Nusa dua is an enclave built especially for luxury tourism. Here you will feel as though you have stepped into another country, once you pass your security check at the gate. The myriad of luxury estate like hotel grounds, with manicured grounds and well structured roads overwhelm your senses (especially if you had spent a week or so in the ‘real’ Bali environment. This area is home to Bali’s most popular golf course and the convention centre.  Beaches are miles of white sand and calm waters, with Geger beach serving the public. It was quite busy the day I decided to hangout at this beach.  I could not see how swimming was possible given the number of jet skis and motorized boats in the water.  But nevertheless, it was a beautiful drive and a great spot to spend a day or your holiday if you can afford the rates at these overpriced luxury hotels.
Following Nusa Dua, we then drove down to Uluwatu, an idyllic setting with one of Bali’s nine key directional temple hanging close to the tip of the limestone cliff.  It is best to travel to this area in the  late afternoon to take in a kecak dance at the temple and the awesome sunset.  When visiting the temple, we were advised to take off our sunglasses, jewelry, handbags or cameras that may be nipped off us by the local monkeys.  Yes the monkeys actually approach tourist and bam your targeted possession is easily stolen.  The only way to have your stolen possession returned,  is to bribe them with food from the local vendor.  But monkey thieves or not, the view from this cliff is stunning and the beaches below are claimed to be one of Bali’s popular beaches with the surfers.

Now there are obviously more beaches to Bali that need recognition but I wanted to highlight the main ones that are popular with lots of activity to engage in, be it watersports, golf, shopping or just plain old beach bumming.
From beaches to the interior of Bali – in my next blog, I will show you why Ubud is the heart of Bali and the best part of my visit to this island. Until then…

Minggu, 21 April 2013

Attacked by kids and lost my sarong in Bali

Poverty is everywhere. It has no geographical boundaries

 

We cannot escape from it. Some live under a rock, oblivious to the needs of many around them. Some choose to live in a bubble, ignoring the poor and actually giving a damn. It is hard to give a damn when you are struck by the smells and scenes of poverty in front of you. Bali has a lot of poverty. Many tourists go to this island and hide within five-star resorts, never exposing themselves to the reality that makes up a vast majority of the this place known has heaven. My day trip from Ubud to Mount Batur and the oldest village on the east coast of Bali, demonstrated a reality that humbled me.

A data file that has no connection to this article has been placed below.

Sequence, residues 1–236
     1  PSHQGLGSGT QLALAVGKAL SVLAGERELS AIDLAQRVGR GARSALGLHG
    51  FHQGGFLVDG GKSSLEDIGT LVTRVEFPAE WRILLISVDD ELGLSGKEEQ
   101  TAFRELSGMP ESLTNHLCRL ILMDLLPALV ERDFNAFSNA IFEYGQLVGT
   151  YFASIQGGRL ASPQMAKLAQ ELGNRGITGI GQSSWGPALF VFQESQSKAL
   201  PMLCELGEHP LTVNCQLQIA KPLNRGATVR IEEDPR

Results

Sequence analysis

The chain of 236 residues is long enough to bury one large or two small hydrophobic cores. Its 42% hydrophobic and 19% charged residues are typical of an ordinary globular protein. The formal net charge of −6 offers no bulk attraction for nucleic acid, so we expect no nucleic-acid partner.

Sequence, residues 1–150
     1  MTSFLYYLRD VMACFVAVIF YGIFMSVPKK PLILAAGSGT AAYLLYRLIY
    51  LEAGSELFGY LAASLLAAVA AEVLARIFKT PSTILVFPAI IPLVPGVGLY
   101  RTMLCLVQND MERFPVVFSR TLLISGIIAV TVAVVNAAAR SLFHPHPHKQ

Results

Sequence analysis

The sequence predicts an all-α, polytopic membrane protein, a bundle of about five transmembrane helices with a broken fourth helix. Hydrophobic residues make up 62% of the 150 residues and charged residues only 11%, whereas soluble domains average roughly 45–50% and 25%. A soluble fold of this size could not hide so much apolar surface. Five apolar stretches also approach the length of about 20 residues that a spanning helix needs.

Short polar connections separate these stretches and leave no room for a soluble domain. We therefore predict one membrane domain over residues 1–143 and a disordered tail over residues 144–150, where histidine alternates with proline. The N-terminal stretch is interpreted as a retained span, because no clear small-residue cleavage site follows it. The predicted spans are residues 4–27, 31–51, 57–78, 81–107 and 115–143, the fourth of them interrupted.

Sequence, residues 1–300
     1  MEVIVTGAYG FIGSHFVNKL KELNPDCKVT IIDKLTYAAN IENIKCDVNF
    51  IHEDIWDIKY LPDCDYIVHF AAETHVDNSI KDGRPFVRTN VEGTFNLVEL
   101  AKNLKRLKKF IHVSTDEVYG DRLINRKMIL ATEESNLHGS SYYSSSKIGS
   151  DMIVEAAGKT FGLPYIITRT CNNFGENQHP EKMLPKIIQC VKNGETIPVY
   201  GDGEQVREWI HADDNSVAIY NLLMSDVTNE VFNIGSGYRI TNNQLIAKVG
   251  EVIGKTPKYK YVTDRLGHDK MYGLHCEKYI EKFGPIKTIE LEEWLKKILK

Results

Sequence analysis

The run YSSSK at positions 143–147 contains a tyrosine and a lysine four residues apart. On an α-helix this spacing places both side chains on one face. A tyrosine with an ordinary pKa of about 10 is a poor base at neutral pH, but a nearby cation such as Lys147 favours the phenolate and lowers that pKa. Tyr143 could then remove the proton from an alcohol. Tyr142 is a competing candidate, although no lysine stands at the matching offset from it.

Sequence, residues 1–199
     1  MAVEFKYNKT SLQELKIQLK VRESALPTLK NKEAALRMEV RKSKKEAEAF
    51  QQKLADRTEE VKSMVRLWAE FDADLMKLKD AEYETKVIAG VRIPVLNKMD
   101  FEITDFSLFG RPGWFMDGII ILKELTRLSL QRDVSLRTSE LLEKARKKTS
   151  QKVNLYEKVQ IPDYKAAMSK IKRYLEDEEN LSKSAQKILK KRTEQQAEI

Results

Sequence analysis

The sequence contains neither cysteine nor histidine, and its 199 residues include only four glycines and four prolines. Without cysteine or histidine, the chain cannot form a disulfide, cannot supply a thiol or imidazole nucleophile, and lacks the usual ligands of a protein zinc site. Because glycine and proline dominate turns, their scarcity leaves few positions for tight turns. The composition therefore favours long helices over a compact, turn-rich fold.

Our drive to Kintamani district challenged my motion sickness but the reward offered, as I stepped out of the car to view Mount Batur, was worth it. Mount Batur is Bali’s most active volcano, with the south-east side hugging a huge lake around which 6 ancient villages still exist.

 The panorama was just stunning but we were badgered by many locals, who were very aggressive in their attempts to sell us handmade souvenirs. Travelling has made me become less of a souvenir buyer. I now purchase items if I have a need for them and not because I want them. Most of my souvenirs take the form of photographs which has proven to be easier to carry. I managed to make the adults understand that I was not interested in any of their sale items but I could not escape the children. With their little voices and continued pleas to buy something, I had to give in. There was one little girl, who called herself Putu (meaning first child) and who stole my heart. Her eyes were mesmerizing and I so wanted to buy every postcard from her. She followed me for some time and insisted I hold her. I did and when it was time to walk into Pura Ulun Danu, a nearby temple, my heart sank as we said our goodbyes. My feelings of despair stemmed not from maternal instinct but more from one soul feeling the deprivation experienced by another younger soul.

 Pura Ulun Danu is Bali’s second most important temple (the first being Pura Besakih). It was rebuilt in 1926 after the volcano had destroyed the original temple. Prior to entering the temple we were escorted by the locals to a huge market like area and were told to “hire” sarongs, as it was essential to dress respectfully whilst within the temple. We happily obliged. Within the surrounding courtyards, the locals were found surrendering to various religious acts. Some sang, others meditated in silence and many women prepared offerings to the many god like stone figures. This temple had a very calm feel, regardless of the activity.